MICHELE NORRIS, host:
From NPR News, this is ALL THINGS CONSIDERED. I'm Michele Norris.
MELISSA BLOCK, host:
And I'm Melissa Block.
Marine Lieutenant Josh Rushing became a central figure in the documentary movie titled "Control Room." The film is about the Arab satellite channel Al-Jazeera during the Iraq War. Rushing was a spokesman for US Central Command in Doha, Qatar, at times a surprisingly ambivalent and candid spokesman.
(Soundbite of "Control Room")
Lieutenant JOSH RUSHING (US Marine Corps): In my office, we say it all the time on the other side of the wall there: `No spin. Don't spin it.' And we catch ourselves doing it. I catch myself doing it, taking an event and spinning it so strongly in one light that I have to pull back and say, `Whoa, wait a second. Wait a second. That's not what I'm here to do.'
BLOCK: Rushing left the Marines after the movie came out and after his superiors barred him from talking to the media. Now Rushing has joined the media. He's been hired by Al-Jazeera International. He'll be a host and correspondent based in Washington for the 24-hour, English-language network, which is set to launch net spring.
Mr. RUSHING: Al-Jazeera International is the first international, English-language news to not come out of the West. Al-Jazeera International will come out of Washington, London, Doha and Kuala Lumpur. It's taken the idea of having a broadcast center, split it up into four, put it around the world, and each one will handle roughly a quarter of the day's programming. So as the sun goes around the Earth, a story that's being covered--i.e. Katrina--will essentially be the same story at each broadcast location but will have the local flavors. And the perception will affect the story.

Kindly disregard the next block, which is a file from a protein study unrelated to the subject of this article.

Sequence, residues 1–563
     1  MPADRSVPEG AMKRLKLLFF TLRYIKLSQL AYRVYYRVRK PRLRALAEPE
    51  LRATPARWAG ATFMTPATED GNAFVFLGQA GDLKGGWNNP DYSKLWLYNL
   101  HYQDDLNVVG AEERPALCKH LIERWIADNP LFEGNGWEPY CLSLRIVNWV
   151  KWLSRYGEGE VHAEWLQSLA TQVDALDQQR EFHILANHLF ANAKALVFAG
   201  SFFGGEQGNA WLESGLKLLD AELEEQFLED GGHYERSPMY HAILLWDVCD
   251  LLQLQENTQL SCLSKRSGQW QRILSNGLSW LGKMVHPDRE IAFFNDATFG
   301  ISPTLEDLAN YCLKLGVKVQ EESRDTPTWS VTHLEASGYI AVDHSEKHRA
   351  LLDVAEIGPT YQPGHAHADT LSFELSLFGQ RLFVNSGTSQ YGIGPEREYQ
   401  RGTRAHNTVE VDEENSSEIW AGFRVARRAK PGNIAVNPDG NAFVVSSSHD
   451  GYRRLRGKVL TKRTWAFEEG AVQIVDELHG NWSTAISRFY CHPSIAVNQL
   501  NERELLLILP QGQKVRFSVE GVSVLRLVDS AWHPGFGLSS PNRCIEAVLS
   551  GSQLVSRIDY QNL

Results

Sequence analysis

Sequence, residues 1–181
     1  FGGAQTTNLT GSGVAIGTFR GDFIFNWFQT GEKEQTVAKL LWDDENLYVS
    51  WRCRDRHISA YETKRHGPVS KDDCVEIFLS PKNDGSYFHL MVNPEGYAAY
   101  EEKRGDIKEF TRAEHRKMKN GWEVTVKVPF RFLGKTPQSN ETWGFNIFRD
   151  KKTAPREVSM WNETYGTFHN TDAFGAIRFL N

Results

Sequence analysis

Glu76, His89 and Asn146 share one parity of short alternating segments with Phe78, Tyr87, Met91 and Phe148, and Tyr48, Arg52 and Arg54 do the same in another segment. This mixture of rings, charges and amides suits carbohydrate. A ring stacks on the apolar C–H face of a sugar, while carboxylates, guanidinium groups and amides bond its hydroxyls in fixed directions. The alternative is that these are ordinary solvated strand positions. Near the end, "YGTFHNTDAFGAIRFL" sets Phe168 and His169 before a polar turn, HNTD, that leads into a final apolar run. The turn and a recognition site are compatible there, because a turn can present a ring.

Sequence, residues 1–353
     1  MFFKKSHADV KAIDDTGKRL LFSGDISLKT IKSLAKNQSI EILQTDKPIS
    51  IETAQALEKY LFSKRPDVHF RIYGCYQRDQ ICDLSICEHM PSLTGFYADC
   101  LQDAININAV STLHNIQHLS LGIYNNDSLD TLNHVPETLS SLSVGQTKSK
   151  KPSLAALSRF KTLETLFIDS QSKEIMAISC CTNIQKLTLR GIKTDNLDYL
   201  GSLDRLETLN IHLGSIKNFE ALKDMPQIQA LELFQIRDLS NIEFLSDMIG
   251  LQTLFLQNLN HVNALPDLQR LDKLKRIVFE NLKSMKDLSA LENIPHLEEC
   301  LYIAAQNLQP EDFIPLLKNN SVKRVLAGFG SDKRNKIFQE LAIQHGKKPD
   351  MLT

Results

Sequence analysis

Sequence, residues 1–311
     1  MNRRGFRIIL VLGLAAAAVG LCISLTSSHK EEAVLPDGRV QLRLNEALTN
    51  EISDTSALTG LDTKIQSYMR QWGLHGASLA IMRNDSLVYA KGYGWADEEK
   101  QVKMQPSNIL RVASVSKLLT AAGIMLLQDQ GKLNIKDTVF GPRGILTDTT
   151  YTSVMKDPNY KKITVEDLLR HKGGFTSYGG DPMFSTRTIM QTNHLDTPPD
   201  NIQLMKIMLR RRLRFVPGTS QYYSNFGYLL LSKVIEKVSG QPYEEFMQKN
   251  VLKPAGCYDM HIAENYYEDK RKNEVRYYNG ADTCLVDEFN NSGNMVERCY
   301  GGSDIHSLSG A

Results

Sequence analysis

BLOCK: What was appealing to you about this notion? You haven't been a journalist before. Why'd you join?
Mr. RUSHING: I joined, I guess, one, because they asked me. Two, the Marines taught me do the right thing for the right reason, and I thought about what they taught me to do, and that's engage with the press, the media, to engage an audience, particularly I was trained at engaging foreign audiences, to represent the best of American ideals to them. And this seemed to me to be very much the same thing but on a larger platform.
BLOCK: In the film "Control Room," you were quite critical of some of Al-Jazeera's coverage of the war, the invasion of Iraq. You said, `They're biased towards Saddam Hussein.' We have an outtake that was included on the DVD, as a DVD extra, and I want to have you listen to it and talk about what you said then and what your job is now.
(Soundbite of "Control Room")
Lt. RUSHING: Al-Jazeera edits out scenes; that even though they're news and even though they're happening, they don't show them. For example, Iraqis celebrating when we take over a town and we give the power back to them, and we give them food and water, and they're dancing in the streets, they don't show it. And I find that disappointing. And I think that's one of the things that's fueling the Arab rage against us. And the problem is it's not accurate; it's only one side.
BLOCK: You were talking about Al-Jazeera there. You're going to work for Al-Jazeera International. But aren't you, in some way, helping to validate an organization that you had agreed was biased, one-sided?
Mr. RUSHING: I think their coverage of the war when I was there was biased, and I'd still have this discussion with them today. I was just recently in Doha having this discussion with some people who still work at Al-Jazeera. And their point was that they had a story that they needed to tell that the rest of the world wasn't hearing from the other news sources. Even though I had qualms about their coverage during the war, I was always very proactive about saying, `We should engage it. American officials should be on it as much as possible.' And when I got out of the Marine Corps and I went around to the press talking about these issues, I was very critical of our government for not engaging it more, for not being on there representing the American idealism that I love, the values that I love. And if you don't go on there and represent it, how are people supposed to understand what we're doing in their region? They're fantastically important, and I think that was missed by our government.